[B]ute causes bone-marrow depression like aplastic anemia, agranulocytosis, thrombocytopenia, leucopenia, pancytopenia, and hemolytic anemia, which are fatal in the vast majority of cases. The elderly are more susceptible than younger adults. The risks for developing bone-marrow depression and other serious effects are heightened because humans metabolize bute into oxyphenbutazone, which also causes bone-marrow depression.
The study also demonstrates that children are at increased risk of developing aplastic anemia from minute levels of bute and oxyphenbutazone in horse meat, presumably because their bones are still growing. But even very low levels of bute can result in a hypersensitivity reaction in susceptible adults that’s mostly fatal. All of these effects are considered to be idiosyncratic, meaning it is unknown who will be afflicted.

The bottom line:  horse meat is not regulated for human consumption in the United States, and American horses probably aren't safe for people to eat.

The new law banning transportation of horses for slaughter would only apply to horses intended for human consumption, so horses still could be shipped for slaughter if they are intended for animal consumption.  A primary market for horse meat in the United States is zoos, to feed horse meat to carnivores.

Saturday, March 16, 2013

Taxes on services scrapped

Confronted with strong resistance from business leaders as well as many within his own party, Governor Dayton has backed away from his proposal to impose new taxes on services.  His new plan would raise income taxes on the wealthy.  The House and Senate now will consider their own proposals.  Stay tuned to see how agricultural policy may be affected and impact your farm or ranch business.

Wednesday, February 27, 2013

Would agricultural services be exempt?

Here is Governor Dayton's proposed language in HF677 exempting agricultural services from the broadened tax on services in the omnibus tax bill:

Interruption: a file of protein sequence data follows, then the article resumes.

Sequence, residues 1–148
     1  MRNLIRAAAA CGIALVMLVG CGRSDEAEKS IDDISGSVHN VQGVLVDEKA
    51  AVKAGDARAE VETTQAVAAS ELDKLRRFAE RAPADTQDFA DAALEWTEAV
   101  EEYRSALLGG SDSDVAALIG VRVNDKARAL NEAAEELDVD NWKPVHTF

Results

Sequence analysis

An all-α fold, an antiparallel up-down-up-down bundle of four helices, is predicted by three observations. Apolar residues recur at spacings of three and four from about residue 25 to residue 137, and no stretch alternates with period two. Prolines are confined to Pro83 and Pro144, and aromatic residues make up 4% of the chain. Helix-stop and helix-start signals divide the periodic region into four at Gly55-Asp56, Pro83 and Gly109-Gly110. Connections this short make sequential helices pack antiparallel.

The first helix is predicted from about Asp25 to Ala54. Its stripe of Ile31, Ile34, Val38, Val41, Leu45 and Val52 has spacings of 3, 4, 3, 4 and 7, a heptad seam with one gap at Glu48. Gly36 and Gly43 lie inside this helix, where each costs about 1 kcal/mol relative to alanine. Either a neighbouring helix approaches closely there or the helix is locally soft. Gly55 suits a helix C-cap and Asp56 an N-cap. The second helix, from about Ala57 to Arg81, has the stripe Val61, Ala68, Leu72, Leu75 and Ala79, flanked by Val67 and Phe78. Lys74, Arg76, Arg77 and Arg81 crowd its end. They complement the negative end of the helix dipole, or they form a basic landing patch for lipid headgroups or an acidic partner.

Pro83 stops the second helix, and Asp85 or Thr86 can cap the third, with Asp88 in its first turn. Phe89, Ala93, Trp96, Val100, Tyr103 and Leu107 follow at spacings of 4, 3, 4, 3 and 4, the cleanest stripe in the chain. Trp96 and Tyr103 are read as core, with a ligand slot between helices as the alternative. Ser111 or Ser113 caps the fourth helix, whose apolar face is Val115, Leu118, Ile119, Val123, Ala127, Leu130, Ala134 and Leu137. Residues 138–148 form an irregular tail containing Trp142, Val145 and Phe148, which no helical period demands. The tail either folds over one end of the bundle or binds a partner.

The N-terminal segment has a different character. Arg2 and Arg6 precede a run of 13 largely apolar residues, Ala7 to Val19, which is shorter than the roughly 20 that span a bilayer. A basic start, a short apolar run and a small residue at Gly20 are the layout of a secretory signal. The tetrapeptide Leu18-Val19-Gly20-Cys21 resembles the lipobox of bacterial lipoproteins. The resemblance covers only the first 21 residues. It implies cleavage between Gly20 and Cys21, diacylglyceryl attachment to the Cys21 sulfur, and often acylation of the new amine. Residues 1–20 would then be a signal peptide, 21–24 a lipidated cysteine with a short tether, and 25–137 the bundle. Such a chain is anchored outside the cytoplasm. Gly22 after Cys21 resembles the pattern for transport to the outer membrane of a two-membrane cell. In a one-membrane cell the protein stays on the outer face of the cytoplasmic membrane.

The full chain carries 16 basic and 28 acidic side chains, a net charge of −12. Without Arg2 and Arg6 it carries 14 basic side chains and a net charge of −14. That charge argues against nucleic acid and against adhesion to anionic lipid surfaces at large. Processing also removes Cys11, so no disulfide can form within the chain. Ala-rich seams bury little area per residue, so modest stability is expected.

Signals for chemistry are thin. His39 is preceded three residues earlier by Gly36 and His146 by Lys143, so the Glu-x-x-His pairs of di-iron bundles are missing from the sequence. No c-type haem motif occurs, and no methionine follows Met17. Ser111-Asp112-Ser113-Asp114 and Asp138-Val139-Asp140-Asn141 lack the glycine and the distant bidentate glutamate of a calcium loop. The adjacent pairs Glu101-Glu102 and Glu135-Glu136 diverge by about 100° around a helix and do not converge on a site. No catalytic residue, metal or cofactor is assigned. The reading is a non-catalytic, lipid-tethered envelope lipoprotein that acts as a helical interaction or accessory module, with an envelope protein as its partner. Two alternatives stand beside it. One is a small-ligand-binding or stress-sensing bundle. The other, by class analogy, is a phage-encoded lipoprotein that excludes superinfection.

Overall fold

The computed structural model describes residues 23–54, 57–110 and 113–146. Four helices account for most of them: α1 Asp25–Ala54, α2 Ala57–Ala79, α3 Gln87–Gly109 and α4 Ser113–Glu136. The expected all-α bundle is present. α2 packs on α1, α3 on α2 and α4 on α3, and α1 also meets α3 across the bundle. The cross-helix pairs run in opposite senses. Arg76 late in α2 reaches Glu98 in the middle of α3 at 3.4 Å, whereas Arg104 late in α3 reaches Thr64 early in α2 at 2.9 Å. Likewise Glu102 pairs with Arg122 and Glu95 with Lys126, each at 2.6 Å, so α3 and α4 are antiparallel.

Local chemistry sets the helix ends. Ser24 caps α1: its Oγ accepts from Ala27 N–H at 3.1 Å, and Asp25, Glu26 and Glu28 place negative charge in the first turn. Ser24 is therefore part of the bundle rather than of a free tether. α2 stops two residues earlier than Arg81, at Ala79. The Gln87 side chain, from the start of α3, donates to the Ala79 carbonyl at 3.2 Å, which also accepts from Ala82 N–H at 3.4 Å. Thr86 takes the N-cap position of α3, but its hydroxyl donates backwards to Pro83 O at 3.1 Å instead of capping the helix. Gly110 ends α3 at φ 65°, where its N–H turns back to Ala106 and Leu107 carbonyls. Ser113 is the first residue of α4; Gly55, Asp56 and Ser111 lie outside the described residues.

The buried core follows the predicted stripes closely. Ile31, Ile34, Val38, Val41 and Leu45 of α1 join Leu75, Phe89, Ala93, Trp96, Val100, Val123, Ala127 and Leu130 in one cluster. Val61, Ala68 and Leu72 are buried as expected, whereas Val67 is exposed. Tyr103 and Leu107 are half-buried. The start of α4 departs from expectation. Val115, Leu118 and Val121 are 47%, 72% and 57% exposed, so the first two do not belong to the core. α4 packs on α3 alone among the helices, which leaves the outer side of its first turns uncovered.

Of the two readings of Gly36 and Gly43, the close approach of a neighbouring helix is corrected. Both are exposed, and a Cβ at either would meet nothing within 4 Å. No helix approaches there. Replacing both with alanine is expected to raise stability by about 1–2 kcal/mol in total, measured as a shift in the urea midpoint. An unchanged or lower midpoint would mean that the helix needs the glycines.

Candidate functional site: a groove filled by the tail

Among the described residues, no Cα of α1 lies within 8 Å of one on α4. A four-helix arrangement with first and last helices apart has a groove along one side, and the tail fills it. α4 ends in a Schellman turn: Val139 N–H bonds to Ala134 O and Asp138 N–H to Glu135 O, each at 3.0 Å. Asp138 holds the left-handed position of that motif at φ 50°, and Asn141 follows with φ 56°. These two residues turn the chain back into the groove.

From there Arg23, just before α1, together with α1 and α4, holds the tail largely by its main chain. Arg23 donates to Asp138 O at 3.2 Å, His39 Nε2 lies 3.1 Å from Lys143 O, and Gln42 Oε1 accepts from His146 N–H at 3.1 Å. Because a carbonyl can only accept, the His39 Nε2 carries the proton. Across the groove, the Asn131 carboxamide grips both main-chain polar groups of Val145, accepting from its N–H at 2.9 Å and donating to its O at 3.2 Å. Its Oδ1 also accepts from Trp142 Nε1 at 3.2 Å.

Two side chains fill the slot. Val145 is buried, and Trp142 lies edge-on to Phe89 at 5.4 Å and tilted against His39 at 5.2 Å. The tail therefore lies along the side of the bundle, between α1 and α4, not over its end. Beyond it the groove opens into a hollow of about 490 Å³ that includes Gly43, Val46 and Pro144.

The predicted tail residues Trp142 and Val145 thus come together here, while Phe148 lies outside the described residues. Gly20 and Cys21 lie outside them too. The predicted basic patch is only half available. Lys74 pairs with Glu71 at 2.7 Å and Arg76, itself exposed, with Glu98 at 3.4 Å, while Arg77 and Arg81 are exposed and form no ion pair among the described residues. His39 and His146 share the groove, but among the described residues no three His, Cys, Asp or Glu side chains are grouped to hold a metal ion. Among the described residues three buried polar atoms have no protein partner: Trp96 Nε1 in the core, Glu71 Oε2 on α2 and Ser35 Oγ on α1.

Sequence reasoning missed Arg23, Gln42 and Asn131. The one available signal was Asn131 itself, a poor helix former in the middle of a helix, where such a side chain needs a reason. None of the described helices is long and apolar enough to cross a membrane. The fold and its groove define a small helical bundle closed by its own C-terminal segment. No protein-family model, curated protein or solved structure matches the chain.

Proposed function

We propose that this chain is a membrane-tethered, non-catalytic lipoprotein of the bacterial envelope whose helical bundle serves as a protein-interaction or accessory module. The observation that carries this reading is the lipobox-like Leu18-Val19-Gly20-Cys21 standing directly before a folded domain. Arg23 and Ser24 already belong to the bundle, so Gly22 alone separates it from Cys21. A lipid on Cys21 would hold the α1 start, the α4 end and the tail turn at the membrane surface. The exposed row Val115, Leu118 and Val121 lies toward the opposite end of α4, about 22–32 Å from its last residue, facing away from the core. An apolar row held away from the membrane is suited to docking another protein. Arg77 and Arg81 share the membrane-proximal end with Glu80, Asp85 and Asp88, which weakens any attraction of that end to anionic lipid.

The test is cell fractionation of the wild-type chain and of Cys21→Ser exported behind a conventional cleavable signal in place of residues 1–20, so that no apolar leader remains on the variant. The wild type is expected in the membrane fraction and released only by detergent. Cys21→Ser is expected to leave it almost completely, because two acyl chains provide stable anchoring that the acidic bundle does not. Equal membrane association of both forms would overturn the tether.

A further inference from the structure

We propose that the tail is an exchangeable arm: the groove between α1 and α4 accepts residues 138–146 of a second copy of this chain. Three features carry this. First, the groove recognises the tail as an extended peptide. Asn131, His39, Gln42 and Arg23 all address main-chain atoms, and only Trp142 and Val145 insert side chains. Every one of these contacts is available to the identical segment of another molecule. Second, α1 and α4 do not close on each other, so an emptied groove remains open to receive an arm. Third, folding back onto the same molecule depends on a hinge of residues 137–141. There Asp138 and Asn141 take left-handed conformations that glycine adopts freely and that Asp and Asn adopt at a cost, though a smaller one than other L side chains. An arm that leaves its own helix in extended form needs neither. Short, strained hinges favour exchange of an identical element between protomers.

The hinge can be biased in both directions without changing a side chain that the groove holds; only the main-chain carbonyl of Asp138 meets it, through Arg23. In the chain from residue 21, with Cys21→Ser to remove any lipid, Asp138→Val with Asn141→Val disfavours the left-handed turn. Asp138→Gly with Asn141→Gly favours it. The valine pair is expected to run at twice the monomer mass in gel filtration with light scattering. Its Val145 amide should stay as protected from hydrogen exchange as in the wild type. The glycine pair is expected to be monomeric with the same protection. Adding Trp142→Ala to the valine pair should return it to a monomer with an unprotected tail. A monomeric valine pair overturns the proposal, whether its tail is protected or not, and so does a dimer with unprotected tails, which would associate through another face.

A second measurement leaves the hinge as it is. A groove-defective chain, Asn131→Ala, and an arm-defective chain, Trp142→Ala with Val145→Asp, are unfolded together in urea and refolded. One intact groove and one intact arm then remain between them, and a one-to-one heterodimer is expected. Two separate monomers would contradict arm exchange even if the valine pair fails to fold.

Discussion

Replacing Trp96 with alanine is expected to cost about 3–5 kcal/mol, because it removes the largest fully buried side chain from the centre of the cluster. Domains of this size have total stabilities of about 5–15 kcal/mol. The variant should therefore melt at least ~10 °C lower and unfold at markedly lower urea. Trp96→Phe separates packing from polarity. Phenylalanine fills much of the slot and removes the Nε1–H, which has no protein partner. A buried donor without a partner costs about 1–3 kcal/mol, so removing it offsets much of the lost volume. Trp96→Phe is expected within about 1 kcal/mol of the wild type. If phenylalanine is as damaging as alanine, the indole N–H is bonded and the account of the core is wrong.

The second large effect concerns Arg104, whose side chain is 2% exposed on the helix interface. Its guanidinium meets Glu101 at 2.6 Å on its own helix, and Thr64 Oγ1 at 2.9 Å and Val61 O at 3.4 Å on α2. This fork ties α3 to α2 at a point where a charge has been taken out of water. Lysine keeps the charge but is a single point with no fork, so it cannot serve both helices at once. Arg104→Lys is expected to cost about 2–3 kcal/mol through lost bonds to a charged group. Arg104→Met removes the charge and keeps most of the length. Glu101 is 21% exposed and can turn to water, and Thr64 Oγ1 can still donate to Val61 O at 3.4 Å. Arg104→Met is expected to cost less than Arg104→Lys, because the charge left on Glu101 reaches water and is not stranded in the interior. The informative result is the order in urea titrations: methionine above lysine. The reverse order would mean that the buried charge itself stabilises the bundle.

This bill is scheduled for hearing tonight; we'll see about clarification of this and other provisions, as well as a proposal to exempt "agricultural education services" - including horse training and riding instruction and day camps for children to teach them about farming and animal husbandry - under this subdivision.

Wednesday, February 20, 2013

Sales tax proposed on some veterinary services; horse boarding still exempt

On February 18, Governor Dayton's omnibus tax bill was introduced in the Minnesota Legislature.  It would eliminate many exemptions from sales tax - including some veterinary services - and impose sales tax on almost all services.  This is part of a broad tax reform plan. Among other things, it would reduce the sales tax rate and provide a property tax rebate while extending sales tax applicability to many previously exempted goods and services.  Here is a link to the companion bills, S.F. No. 552 / H.F. No. 677.

"Horse boarding services" would continue to be exempt, but riding instruction and training services not offered as part of a horse boarding business may not be.  Veterinary services would be exempt as follows:

Subd. 18. Veterinary services provided to a person other than a natural person.
Services of practicing veterinary medicine, as that term is used in chapter 156, and provided 
to persons other than natural persons, are exempt. This includes veterinary services for 
animals kept for economic reasons, including livestock, laboratory animals, working 
animals, animals to be sold at retail in the normal course of business, and sport animals. 

Sales on groceries and other agricultural products would continue to be exempt.  Horses are livestock, and raising them is an agricultural activity. That is enshrined in the law, thanks to a statute passed in 2010 that says so.  (Minn. Stat. 17.459).  A horse boarding and related horse training and riding instruction business is an agricultural land use in the property tax code, Minn. Stat. 273.13 Subd. 23(i)(3).

Horse training and riding instruction is agricultural education that should not be subject to taxation.  In a 2005 U of MN economic impact study, the horse industry was estimated to contribute $1 billion in Minnesota annually, which we cannot afford to jeopardize.  Horse boarding and training businesses are already overwhelmed by insurance costs, transportation and employment costs, and regulatory costs.  Even a small increase in the cost of doing business would threaten an important supply and demand link in our entire agricultural economy.

A hearing is scheduled for Wednesday evening, February 27, 2013 at 7:00 p.m at the State Office Building, Room 200.  Public testimony will be heard, and clarification on some of the bill's provisions may be provided.

To make your voice heard, identify your elected local representatives (here is a link to our State Legislature's "Who Represents Me?" web page) and contact them by email, phone, and regular mail with the message in bold above.  Stay tuned for more information about opportunities to educate the Legislature about the importance of horses in agriculture.